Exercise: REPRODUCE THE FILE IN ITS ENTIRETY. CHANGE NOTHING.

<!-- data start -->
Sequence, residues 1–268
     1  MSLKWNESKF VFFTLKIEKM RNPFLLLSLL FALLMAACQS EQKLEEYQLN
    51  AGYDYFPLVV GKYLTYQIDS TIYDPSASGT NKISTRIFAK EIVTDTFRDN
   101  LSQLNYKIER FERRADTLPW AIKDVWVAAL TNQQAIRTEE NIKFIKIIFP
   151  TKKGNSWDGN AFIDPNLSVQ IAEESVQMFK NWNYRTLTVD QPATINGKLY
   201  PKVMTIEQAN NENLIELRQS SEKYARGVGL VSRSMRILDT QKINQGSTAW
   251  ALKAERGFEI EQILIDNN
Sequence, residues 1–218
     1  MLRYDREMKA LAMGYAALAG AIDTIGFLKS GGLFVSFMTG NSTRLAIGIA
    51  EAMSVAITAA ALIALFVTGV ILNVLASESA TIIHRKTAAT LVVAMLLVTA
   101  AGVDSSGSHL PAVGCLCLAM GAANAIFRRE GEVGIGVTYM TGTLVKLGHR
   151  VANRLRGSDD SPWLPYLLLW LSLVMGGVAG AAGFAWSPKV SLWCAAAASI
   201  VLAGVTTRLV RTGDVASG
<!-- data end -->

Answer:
Sequence, residues 1–268
     1  MSLKWNESKF VFFTLKIEKM RNPFLLLSLL FALLMAACQS EQKLEEYQLN
    51  AGYDYFPLVV GKYLTYQIDS TIYDPSASGT NKISTRIFAK EIVTDTFRDN
   101  LSQLNYKIER FERRADTLPW AIKDVWVAAL TNQQAIRTEE NIKFIKIIFP
   151  TKKGNSWDGN AFIDPNLSVQ IAEESVQMFK NWNYRTLTVD QPATINGKLY
   201  PKVMTIEQAN NENLIELRQS SEKYARGVGL VSRSMRILDT QKINQGSTAW
   251  ALKAERGFEI EQILIDNN
Sequence, residues 1–218
     1  MLRYDREMKA LAMGYAALAG AIDTIGFLKS GGLFVSFMTG NSTRLAIGIA
    51  EAMSVAITAA ALIALFVTGV ILNVLASESA TIIHRKTAAT LVVAMLLVTA
   101  AGVDSSGSHL PAVGCLCLAM GAANAIFRRE GEVGIGVTYM TGTLVKLGHR
   151  VANRLRGSDD SPWLPYLLLW LSLVMGGVAG AAGFAWSPKV SLWCAAAASI
   201  VLAGVTTRLV RTGDVASG